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53 Great Norwood Street (formerly 23 Westside)
In 1855 this was a house occupied by James Russell, a chimney sweep. By 1871, although the name was unchanged, Mr Russell listed his occupation as a stationer - perhaps this was the son.
In the census of 1881 the house was lived in by Mary Denley, a tin-shop keeper. In Victorian times tin shops sold metal hardware items such as baths, buckets, saucepans and kettles. She was followed by Thomas Davies, a grocer, in 1892 and by Mr W.H. Papworth, a cabinet maker, in 1897.
At some time in the later part of the 19th century the garden was built over to form a shop and from about 1906 until the late 1920s Thomas Giddings, a grocer, occupied these premises. By the outbreak of World War II the trade had changed again when William South, a cycle and baby carriage dealer and repairer, was here. Sadly, his younger son Charles, a corporal in the Hussars tank unit, was killed on active service in November 1941, aged just 20. A former student at Cheltenham Grammar School, he sometimes helped his father in the shop before he joined the army.
In 1948 these premises were advertised for sale, together with the "existing greengrocery and cycle repairers business". Perhaps both trades co-existed but it is difficult to imagine. The double fronted shop was measured as 16 feet x 14 feet 6 inches. At the rear was an outside toilet, a coal house and a corrugated iron shed.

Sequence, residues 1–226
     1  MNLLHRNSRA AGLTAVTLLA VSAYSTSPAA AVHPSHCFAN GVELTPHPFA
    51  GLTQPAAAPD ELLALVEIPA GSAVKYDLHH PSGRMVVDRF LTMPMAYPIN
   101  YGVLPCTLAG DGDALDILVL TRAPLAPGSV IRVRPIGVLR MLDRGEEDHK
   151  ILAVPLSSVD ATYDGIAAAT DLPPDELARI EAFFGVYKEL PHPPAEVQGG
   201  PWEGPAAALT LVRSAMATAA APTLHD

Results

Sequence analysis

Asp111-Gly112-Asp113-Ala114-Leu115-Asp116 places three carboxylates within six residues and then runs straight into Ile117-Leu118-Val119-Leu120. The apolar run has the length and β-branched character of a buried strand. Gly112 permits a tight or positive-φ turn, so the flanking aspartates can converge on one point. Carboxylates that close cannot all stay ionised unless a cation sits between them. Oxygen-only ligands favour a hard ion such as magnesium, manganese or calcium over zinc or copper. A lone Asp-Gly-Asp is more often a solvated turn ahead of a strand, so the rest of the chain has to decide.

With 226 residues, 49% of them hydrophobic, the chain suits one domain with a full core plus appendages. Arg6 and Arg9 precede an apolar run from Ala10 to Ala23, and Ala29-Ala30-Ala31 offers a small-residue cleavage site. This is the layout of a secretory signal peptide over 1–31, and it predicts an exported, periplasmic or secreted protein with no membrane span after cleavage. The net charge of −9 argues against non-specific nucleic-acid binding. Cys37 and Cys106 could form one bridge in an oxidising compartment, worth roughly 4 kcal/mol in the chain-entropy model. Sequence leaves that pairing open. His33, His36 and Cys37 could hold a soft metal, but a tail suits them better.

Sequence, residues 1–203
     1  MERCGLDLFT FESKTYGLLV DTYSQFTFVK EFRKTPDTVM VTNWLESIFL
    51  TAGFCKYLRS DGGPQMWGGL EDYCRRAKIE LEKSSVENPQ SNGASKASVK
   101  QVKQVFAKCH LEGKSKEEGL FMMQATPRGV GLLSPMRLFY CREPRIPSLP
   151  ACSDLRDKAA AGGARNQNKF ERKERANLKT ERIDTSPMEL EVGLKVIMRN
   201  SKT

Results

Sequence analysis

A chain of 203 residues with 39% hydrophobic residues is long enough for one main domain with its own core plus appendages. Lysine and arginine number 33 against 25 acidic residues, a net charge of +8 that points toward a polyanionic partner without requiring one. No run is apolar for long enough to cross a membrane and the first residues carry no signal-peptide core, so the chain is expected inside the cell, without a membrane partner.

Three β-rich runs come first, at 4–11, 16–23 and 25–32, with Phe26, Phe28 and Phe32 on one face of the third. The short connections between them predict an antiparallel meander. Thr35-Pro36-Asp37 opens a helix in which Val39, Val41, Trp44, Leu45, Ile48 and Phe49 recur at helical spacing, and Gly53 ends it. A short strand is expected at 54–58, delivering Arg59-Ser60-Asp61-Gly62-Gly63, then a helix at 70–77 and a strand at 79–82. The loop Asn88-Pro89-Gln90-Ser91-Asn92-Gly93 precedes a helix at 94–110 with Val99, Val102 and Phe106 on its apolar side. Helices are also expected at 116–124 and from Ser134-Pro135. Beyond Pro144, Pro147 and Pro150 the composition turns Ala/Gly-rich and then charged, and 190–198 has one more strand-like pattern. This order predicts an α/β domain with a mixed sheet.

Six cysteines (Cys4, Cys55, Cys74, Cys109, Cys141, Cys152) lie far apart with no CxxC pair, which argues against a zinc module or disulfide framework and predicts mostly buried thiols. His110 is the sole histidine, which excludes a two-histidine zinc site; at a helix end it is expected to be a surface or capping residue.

In the early 1950s the shop was bought by Horace John Baughn, a greengrocer, who moved from 7, Great Norwood Street and lived here with his wife Kath and stepson Geoff Morse. Geoff, who was a newspaper boy at Thomas's newsagent in Suffolk Parade, recalls that Horace would sometimes stand in the shop smoking, with the ash falling all over the fruit and vegetables! How times have changed. Mr Baughn eventually went broke when he overbought a load of plant pots and couldn't sell them. He sold the shop in 1959.
By 1964 Barretts menswear shop had opened a branch here, having previously been located at 135 & 137 Bath Road (site of the present Sainsburys supermarket).
In September 2008 the shop was fully refurbished as The Dance Locker by local people Fiona & Graham Maycock and Debbie Day. This shop provided a range of quality dancewear including clothes, shoes and accessories.
In 2016 the trade changed when Sam Oldfield established his photographic studio here.
Researchers: Stuart Manton & Jill Waller (Sept 2016)
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